If there’s one thing Michiganders need to keep in mind about who they should trust as their next Governor or, more specifically, why they should absolutely not trust Gov. Rick Snyder, it is the fact that this is the man who ignored the demonstrated will of his own constituents when they didn’t vote the way he wanted them to. Snyder essentially hijacked their voting rights in November of 2012 rather than respect the fact that the majority of those constituents voted to repeal the controversial beefed-up Emergency Manager law that Snyder signed into law the previous year in 2011.
If the person who you elected to represent you only listens to you when you are saying what he wants to hear, then perhaps it’s time to choose someone else to represent you.
Yes, this is what it comes down to. Because remember this is the same man who managed to smooth himself into a first term by portraying himself as a moderate “nerd” who could be trusted to be conservative, sure, but in a reasonable and comfortable way that would make sense to all reasonable people. Engler wanted to make sure that Michigan residents did not confuse him with those crazy Tea Party types who were all the rage back then. Gov. Engler was certainly not one of those types of Republicans. Heavens no. Back in 2011, Snyder was happily on record as saying he would nehhhhhhhver never never consider anything like pursuing a right-to-work law for Michigan. There were just so many more important and less divisive issues. Let’s listen in to what Jonathan Oosting reported on the issue in a December 2011 issue of MLive.:
“I don’t think it’s an appropriate subject for us to be dealing with today,” Snyder said this morning in an extended interview on WJR-AM 760. “Because we have higher priorities that need to be addressed in our state.”
House Republicans reportedly are working on legislation that would prohibit employers and labor from making union membership and dues a requirement of employment.
More than 20 other states have right-to-work laws in place, but pointing to ongoing controversy in Ohio and Wisconsin, Snyder warned that introducing similar legislation would cause divisiveness the state does not need.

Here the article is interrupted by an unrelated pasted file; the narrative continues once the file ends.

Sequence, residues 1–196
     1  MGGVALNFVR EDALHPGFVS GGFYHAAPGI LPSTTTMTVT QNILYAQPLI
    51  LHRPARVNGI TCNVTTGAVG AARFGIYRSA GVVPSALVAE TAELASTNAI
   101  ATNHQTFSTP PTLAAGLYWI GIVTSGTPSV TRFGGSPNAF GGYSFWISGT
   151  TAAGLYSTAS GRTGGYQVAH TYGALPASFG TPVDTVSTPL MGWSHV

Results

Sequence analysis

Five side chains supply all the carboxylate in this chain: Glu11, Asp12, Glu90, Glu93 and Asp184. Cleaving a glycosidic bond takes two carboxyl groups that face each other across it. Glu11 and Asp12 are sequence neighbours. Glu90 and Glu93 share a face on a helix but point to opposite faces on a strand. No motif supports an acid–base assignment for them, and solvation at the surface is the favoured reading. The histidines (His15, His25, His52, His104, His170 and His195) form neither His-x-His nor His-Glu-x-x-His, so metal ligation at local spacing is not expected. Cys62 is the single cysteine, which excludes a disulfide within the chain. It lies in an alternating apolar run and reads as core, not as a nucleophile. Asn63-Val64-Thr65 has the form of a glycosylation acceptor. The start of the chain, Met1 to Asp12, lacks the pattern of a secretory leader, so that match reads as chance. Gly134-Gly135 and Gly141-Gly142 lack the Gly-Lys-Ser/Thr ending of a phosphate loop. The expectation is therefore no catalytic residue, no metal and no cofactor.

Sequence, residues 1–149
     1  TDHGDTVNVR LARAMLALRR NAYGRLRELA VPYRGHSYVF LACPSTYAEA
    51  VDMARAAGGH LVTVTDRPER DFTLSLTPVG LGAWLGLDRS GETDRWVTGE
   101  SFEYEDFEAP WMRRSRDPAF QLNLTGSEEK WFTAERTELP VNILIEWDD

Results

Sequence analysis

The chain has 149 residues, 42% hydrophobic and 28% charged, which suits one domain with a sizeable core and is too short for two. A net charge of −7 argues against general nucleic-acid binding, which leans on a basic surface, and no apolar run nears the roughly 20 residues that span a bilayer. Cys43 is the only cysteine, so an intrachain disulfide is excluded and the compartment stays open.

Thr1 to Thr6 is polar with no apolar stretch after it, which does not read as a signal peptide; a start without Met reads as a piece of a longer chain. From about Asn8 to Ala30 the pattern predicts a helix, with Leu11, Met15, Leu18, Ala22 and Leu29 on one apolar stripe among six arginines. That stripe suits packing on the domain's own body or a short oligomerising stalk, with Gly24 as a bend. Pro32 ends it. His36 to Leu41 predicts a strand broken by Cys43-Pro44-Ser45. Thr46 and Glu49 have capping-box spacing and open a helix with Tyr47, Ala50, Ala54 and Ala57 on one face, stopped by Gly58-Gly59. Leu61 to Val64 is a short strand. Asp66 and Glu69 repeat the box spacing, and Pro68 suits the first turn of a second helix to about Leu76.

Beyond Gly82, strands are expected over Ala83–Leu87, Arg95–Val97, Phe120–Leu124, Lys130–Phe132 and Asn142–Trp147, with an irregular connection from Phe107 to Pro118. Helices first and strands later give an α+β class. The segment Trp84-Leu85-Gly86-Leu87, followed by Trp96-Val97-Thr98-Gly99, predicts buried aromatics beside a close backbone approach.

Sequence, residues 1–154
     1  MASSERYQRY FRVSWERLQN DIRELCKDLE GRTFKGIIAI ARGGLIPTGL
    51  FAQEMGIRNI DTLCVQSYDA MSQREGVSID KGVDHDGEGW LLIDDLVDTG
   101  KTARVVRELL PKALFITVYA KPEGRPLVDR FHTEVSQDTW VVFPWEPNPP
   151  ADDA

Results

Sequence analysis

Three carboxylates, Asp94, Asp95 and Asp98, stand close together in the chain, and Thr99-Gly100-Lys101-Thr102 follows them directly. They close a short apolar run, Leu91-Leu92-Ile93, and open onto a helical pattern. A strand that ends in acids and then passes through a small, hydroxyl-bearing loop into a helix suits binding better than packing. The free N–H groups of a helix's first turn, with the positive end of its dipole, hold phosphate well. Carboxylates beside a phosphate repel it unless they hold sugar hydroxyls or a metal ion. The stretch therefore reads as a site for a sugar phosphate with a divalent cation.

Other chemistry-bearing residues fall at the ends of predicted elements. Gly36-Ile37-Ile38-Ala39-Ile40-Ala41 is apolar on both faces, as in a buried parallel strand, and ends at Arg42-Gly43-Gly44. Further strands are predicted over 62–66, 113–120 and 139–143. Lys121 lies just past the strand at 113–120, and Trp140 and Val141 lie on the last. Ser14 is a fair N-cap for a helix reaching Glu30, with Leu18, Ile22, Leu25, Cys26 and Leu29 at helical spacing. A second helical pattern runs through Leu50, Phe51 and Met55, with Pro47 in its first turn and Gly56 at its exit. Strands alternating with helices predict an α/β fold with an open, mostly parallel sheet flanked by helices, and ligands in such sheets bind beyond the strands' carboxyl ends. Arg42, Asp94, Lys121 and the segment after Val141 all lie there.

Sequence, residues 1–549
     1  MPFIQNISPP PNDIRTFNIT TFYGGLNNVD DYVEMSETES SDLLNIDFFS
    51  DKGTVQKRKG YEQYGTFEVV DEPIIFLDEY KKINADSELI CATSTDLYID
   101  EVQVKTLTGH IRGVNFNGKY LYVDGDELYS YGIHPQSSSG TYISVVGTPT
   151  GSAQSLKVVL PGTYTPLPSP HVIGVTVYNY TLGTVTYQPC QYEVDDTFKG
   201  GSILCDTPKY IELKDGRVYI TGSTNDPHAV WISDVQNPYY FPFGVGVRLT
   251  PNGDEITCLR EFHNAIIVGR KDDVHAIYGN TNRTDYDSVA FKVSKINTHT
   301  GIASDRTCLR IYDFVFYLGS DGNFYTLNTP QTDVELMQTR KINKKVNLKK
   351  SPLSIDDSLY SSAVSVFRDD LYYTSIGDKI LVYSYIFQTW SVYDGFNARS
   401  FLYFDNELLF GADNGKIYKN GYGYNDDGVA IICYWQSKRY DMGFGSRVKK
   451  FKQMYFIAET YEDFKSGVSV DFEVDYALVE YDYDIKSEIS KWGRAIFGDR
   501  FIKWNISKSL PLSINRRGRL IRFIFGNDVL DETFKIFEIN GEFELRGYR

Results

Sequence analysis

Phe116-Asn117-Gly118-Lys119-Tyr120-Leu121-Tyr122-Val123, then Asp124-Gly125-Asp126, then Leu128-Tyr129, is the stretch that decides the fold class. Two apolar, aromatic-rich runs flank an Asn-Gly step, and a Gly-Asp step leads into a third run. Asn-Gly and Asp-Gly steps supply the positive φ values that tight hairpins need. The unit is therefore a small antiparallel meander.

“We need to come together as Michiganders and show some solid results on things we can agree on first before we have any discussion along those lines,” he said. “As a practical matter, the other things I’d mention to you is that we do have to be more competitive, we do have to be more proactive, but I want to see how we can worth together. So I’d just as soon work with labor on being proactive.”
Almost exactly one year later in 2012 Gov. Snyder feigned amnesia and did a 180-degree hard pivot to the right as he slapped labor in the face and joined his rightwing colleagues in the Michigan Legislature to implement Right To Work. He praised what a wonderful thing this would be for the business climate in Michigan, and said workers should be given the choice whether or not to join a union and pay union dues, completely ignoring the fact that all the benefits currently enjoyed by those same workers are enjoyed whether they pay dues or not. Even the once-upon-a-time liberal Detroit Free Press, which happily supported Snyder’s decision to anoint an emergency manager and ignore voting rights and democracy that same year, chastised Snyder for so blatantly reversing his decision in an appropriately titled editorial, “A failure of leadership: Snyder’s about-face on right-to-work betrays voters”.
But then here we are two years later in 2014 and the Free Press is once again endorsing Snyder despite it all – even though they say it was a tough call and that they still have concerns. Gee. Well, at least they’re concerned, right?
And so by the narrowest of margins, with keen reservations, the Free Press endorses RICK SNYDER for a second, four-year term as Michigan’s governor.
If Snyder’s economic reform isn’t an unqualified success, nor is it an unmitigated disaster. Michigan’s not adding jobs in record numbers, but it has stopped losing ground. State government is fiscally sound.
And it’s impossible to overstate Snyder’s role in Detroit’s nascent financial recovery. There’s a palpable sense of optimism about the city these days, a marked change from the pervasive sense of impending financial ruin that has characterized Detroit for the last decade or more.
The decision to guide Detroit into municipal bankruptcy was a rare instance of strong, decisive leadership from our self-described nerd governor, and — because of the strong, historic relationship between the Democratic Party and labor unions — it’s the kind of necessary decision-making that we cannot imagine a Democratic governor offering.
Actually, it’s the kind of reckless, democracy-be-damned local imperialism that characterizes today’s Republican Governor Rick Snyder and many more in his derailed political party just perfectly.